It makes us move but we all do it differently. Extroverts move their bodies the most; they’re energetic and enthusiastic and they want to get the job done. Neurotic individuals are sharper, the movements of their hands and feet are jerky – a style that might be recognised as the “shuffle”. Agreeable personalities are smoother, making use of the space by moving side to side. Open-minded people tend to make rhythmic up-and-down movements, and don’t move around as much as most of the others….. It is known to stir up powerful emotions in people and these feelings are expressed in bodily movement on the dance floor as the music blares. Each personality type is associated with a different pattern of movement characteristics. We use body motions as trustworthy indicators of others’ personality types (Luck et al., 2010).
In much the same way as music makes us move, pain can change the way we move. That is pain arising from muscles, ligaments, bones or joints can alter the way we move (Hodges & Smeets, 2015). For runners there isn’t a fine line between fitness and injury: There is no line. We float between being unable to walk to running freely without pain – even when “injury-free” we’re managing, weaknesses, imbalances and the stresses of the running itself. But we’re less than perfect living in a less-than-perfect world, and the very process of getting stronger involves enduring a level of injury. A body in pain moves differently, and while initially this change can offer relief, it may actually contribute to pain that lasts for months or years. Even if pain is fleeting (minutes to hours), changes in the way we move are thought to protect us from further injury by restricting the movement of the damaged body part. Moving differently for a drawn out period of time affects the loading on the body and the body part that was initially injured. At this stage of pain causes changes in the brain that are similar to when learning a new movement skill, the brain is learning to move differently (Pascual-Leone et al., 1994; Pascual-Leone et al., 1995) This may in turn lead to persistent or recurrent pain that is perhaps only interrupted by short periods that are pain-free – an existence that so many runners experience.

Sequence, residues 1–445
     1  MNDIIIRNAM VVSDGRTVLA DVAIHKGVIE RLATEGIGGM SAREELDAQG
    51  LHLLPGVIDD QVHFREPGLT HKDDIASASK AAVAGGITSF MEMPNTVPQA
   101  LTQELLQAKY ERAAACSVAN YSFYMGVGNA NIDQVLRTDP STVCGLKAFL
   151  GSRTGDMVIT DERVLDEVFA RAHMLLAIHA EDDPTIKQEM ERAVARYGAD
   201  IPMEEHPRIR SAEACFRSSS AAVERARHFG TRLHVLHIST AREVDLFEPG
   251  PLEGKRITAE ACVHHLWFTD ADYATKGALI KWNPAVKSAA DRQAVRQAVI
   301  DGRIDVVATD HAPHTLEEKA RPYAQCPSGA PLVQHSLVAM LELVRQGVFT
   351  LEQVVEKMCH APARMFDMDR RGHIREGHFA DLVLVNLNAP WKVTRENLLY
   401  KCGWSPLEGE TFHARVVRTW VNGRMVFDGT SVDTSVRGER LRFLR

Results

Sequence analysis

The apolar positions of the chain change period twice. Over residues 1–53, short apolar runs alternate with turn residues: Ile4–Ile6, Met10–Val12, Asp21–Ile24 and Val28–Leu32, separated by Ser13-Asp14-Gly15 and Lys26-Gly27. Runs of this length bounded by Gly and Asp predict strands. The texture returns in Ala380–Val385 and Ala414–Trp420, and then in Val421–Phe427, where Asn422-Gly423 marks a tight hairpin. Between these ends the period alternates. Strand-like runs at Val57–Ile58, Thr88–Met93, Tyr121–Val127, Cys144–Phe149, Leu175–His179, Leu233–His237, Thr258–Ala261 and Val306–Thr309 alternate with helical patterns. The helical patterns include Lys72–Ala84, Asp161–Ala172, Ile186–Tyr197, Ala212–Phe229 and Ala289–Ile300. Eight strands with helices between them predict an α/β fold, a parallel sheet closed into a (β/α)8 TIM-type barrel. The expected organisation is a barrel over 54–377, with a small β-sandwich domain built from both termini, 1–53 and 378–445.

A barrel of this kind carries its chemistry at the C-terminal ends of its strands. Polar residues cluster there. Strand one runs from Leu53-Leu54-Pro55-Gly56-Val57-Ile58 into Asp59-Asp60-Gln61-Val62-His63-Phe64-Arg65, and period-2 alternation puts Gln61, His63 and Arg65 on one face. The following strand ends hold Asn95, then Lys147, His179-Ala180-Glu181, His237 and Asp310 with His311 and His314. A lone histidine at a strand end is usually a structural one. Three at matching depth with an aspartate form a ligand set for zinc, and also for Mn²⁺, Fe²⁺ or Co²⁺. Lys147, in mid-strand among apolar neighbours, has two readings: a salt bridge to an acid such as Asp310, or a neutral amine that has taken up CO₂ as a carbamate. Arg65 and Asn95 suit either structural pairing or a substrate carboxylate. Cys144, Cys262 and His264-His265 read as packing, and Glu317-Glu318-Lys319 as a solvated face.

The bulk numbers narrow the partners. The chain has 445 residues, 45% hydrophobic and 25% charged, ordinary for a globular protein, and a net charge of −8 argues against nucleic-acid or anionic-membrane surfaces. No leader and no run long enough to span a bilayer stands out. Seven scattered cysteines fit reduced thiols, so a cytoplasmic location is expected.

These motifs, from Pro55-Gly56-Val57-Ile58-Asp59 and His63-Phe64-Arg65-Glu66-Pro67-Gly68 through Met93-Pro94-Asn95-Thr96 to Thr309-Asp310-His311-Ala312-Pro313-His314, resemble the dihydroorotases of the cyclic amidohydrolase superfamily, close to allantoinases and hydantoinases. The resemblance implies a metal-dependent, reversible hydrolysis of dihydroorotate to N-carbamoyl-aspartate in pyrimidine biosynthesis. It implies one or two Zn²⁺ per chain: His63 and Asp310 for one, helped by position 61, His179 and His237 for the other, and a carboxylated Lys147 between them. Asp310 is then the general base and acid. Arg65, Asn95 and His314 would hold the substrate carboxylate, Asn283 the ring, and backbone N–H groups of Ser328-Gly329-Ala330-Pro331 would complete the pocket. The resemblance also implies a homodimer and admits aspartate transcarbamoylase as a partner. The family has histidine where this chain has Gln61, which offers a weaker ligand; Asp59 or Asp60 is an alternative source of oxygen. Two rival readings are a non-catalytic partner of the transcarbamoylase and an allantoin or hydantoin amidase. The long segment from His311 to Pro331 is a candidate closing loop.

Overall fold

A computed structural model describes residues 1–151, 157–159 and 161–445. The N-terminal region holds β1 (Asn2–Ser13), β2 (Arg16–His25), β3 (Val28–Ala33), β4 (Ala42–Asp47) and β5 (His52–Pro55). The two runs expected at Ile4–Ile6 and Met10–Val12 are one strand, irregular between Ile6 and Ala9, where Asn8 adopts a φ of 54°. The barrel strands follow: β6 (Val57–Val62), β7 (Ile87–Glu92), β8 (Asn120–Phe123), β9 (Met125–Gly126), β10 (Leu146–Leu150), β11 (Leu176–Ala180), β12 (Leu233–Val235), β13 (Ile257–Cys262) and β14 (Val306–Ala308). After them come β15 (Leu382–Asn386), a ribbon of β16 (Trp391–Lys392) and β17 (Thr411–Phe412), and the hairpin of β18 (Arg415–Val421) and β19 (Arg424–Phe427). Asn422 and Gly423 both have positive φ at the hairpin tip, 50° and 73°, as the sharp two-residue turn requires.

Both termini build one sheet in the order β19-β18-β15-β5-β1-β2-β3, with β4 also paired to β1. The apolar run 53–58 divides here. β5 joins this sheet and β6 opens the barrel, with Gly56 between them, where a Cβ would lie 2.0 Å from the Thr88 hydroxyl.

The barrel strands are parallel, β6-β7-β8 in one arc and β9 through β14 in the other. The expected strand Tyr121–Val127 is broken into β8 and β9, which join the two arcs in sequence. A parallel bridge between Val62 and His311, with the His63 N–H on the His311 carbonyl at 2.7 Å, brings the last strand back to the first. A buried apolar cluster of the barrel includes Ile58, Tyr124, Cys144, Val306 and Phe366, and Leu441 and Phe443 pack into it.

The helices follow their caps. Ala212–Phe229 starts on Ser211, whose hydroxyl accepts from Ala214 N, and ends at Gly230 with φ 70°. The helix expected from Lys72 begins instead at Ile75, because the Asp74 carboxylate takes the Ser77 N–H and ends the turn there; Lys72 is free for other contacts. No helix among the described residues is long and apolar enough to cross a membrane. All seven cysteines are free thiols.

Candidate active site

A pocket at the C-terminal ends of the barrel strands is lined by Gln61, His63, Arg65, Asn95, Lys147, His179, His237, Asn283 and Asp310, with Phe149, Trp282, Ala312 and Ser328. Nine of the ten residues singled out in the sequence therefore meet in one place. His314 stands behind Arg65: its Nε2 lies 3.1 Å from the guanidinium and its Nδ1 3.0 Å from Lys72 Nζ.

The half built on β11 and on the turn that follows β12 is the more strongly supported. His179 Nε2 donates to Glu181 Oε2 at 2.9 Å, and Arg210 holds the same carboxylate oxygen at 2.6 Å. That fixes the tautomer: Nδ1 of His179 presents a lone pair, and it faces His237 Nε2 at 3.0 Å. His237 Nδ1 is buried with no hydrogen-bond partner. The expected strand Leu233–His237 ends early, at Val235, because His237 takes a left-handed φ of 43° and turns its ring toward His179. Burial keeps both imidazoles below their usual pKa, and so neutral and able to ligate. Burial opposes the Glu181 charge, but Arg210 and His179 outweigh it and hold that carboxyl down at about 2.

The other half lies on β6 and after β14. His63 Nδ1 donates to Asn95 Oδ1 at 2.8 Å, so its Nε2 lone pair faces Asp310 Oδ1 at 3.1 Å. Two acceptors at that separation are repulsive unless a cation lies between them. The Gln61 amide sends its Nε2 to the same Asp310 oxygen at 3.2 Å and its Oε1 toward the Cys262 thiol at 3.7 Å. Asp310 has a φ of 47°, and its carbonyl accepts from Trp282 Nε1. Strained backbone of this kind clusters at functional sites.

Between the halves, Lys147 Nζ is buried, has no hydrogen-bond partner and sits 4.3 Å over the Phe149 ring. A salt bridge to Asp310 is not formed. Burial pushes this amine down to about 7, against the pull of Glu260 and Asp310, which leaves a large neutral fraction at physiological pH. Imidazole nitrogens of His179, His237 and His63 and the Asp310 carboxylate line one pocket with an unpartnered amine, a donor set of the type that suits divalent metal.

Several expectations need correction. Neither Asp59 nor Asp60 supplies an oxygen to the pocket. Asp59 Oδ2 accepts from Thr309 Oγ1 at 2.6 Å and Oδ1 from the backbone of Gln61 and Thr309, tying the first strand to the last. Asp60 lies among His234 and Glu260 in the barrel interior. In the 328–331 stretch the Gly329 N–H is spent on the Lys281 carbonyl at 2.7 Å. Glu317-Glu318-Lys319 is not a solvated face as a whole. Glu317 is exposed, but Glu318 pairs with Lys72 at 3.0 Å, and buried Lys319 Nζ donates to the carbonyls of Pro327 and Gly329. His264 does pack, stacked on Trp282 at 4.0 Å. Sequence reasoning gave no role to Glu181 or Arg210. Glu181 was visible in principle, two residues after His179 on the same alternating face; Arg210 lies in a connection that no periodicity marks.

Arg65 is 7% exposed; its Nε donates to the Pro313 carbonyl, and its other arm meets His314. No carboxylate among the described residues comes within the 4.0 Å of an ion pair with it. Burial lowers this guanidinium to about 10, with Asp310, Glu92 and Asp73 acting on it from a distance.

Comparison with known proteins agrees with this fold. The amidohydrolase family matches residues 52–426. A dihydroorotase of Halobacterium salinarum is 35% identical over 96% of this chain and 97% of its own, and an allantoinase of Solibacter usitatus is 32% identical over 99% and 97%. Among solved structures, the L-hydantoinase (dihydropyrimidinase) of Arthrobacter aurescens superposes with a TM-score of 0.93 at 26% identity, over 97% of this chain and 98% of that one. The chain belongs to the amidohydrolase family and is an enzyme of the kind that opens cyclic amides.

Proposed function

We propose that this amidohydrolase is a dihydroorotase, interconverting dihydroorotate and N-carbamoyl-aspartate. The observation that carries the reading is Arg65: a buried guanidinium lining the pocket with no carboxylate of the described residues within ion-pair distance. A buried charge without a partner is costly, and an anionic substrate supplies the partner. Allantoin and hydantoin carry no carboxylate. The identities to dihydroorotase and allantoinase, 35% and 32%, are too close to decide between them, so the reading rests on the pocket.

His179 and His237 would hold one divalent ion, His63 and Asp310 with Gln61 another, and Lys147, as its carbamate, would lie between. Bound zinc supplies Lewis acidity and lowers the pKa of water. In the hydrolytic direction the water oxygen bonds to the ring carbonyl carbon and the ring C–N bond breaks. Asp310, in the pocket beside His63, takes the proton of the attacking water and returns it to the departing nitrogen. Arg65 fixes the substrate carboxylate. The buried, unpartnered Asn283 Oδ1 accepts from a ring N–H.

But both runners and health care providers tend to be reactive in nature. Runners seek help only when they’re hurting and too many practitioners are only interested in healing injuries rather than prevention. Yes, running injuries are caused by running but that doesn’t mean we should stop, we just need to minimise the risk and find the best way of doing it – a way that suits us.
Hodges PW & Smeets RJ. (2015). Interaction between pain, movement, and physical activity: short-term benefits, long-term consequences, and targets for treatment. Clin J Pain 31, 97-107.
Luck G, Saarikallio S, Burger B, Thompson MR & Toiviainen P. (2010). Effects of the Big Five and musical genre on music-induced movement. Journal of Research in Personality 44, 714-720.
Pascual-Leone A, Grafman J & Hallett M. (1994). Modulation of cortical motor output maps during development of implicit and explicit knowledge. Science 263, 1287-1289.
Pascual-Leone A, Nguyet D, Cohen LG, Brasil-Neto JP, Cammarota A & Hallett M. (1995). Modulation of muscle responses evoked by transcranial magnetic stimulation during the acquisition of new fine motor skills. J Neurophysiol 74, 1037-1045.